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DAC Digital Standards & Specifications

The Davison Art Center’s digital projects and programs are based on the best current practices in museum work. This involves a wide range of guidelines, standards, specifications, and related documents, some of which are noted below. For a more general introduction to digital work at the DAC, please see the Digital Initiatives page.

DAC Digital Image Technical Specifications and Rights

The DAC currently has four key, public-facing documents on digital image technical specifications and rights. Please note that the DAC Open Access Images policy at the link below applies to images of specified objects determined to be eligible for it, as stated in that policy; some images of DAC objects are subject to copyright.

DAC Image File Specifications (PDF)

DAC Image File Naming (PDF)

DAC Open Access Images Policy (PDF)

DAC Open Access Images Technical ReadMe (PDF)

Published Guidelines on Digital Collections & Digitization

The Davison Art Center selects collections objects for digitization based on strategic factors including their educational value and projected use, rarity, and physical attributes, and on the efficiencies realized by systematically digitizing entire parts of the collection in rapid sequence. More broadly, the DAC’s digital collections work is based on underlying principles expressed in the Framework of Guidance for Building Good Digital Collections. Now in its third edition, that Framework was originally developed with the support of the Institute of Museum and Library Services (IMLS) and is now maintained by the National Information Standards Organization (NISO).

A Framework of Guidance for Building Good Digital Collections

DAC collection photography uses two technical guidelines for objective quality assurance. Known as FADGI and Metamorfoze, these guidelines help cultural heritage institutions benchmark the quality of rapidly digitized images in empirically assessed, non-subjective ways. This approach can enable collections digitization to be both very accurate and very fast.

Federal Agencies Digitization Guidelines Initiative

Metamorfoze Preservation Imaging Guidelines

DAC Collections Metadata Sharing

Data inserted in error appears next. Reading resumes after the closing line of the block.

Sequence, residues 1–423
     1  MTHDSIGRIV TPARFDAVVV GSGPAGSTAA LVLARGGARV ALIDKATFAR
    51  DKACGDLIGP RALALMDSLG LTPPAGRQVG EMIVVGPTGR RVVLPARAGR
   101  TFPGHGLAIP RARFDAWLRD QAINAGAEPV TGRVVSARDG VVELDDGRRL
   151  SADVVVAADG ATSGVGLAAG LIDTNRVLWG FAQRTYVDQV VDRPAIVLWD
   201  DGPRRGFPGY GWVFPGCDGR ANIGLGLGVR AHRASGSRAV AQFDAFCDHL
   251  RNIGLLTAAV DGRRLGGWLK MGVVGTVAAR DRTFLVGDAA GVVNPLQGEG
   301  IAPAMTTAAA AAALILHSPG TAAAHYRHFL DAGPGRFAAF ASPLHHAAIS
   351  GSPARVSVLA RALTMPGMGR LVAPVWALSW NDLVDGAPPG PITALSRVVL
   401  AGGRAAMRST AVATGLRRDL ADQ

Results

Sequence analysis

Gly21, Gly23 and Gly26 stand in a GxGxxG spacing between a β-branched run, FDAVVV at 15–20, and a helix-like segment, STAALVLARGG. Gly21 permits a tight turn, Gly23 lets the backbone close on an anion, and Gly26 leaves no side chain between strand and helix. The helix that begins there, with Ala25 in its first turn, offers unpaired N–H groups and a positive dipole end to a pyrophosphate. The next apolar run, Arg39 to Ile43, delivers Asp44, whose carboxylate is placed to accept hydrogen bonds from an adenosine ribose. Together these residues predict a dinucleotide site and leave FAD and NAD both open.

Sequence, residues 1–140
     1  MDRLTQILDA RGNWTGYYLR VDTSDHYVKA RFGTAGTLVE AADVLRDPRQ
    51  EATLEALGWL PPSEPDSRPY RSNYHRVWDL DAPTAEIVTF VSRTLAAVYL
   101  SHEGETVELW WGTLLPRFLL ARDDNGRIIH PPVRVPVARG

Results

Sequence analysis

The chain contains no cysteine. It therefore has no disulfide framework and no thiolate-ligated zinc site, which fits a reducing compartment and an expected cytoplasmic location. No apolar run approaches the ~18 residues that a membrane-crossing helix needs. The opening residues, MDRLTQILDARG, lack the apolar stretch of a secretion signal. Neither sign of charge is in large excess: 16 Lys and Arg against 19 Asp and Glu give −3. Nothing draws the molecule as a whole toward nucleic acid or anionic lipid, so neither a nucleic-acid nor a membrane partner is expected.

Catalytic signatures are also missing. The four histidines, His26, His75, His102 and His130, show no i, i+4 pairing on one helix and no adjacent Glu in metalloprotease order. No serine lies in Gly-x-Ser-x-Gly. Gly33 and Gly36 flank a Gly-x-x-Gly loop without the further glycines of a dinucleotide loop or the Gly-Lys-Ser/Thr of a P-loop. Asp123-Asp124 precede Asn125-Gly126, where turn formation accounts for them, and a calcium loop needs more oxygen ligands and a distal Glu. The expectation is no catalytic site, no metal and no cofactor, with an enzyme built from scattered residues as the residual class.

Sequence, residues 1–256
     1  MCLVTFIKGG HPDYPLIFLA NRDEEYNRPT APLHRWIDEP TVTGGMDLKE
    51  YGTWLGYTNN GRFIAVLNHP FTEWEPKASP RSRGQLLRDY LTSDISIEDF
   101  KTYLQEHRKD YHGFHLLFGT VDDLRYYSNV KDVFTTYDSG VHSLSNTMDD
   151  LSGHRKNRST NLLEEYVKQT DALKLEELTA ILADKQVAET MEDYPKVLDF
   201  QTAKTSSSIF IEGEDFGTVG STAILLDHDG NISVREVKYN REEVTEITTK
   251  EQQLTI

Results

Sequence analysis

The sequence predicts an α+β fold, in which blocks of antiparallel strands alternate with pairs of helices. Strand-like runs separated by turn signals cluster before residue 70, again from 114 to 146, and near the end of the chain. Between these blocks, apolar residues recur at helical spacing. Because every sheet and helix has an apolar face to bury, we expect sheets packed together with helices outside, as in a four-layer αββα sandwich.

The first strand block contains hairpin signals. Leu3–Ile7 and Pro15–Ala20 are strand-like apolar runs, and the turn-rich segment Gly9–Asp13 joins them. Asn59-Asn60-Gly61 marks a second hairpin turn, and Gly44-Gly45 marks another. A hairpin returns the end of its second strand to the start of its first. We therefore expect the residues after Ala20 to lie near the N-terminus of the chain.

The DAC provides metadata for its collection objects in structured form via those objects’ pages in DAC Collection Search, from which anyone can download metadata in a standard format called LIDO, as well as simply copying a basic, pre-made caption for general use. LIDO (Lightweight Information Describing Objects), an XML-based data standard from the International Committee for Documentation (CIDOC) of the International Council of Museums (ICOM), is the emerging standard for museum metadata contribution.

DAC Collection Search

LIDO (Lightweight Information Describing Objects)

To legally enable content aggregation in ways that support searching across content from multiple institutions, the collections object metadata the DAC provides is shared under the Creative Commons CC0 ("no copyright reserved") license. CC0 is becoming the standard rights license for sharing collections metadata from museums and other cultural heritage institutions in ways that enable that collections information to be readily usable in aggregate.

Creative Commons CC0 License

Data Standards in DAC Object Cataloging

References (authorities) used in cataloging the Davison Art Center collection include the published standards below. Using standards such as these enables collections information—that is, the actual content shared within a standard structure and format such as LIDO—from the DAC and from other museums to fit together more seamlessly and usefully when it’s combined.

The Union List of Artist Names (ULAN)

The Art & Architecture Thesaurus (AAT)

The Thesaurus of Geographic Names (TGN)

Frits Lugt: Les Marques de Collections de Dessins & d'Estampes

Cataloging Cultural Objects (CCO)

Descriptive Terminology for Works of Art on Paper

In addition to the standards and guidelines above, the DAC uses other published and internal cataloging standards in supplemental ways. We also keep a close eye on emerging standards for art collection data, such as the CMOA Digital Provenance Standard.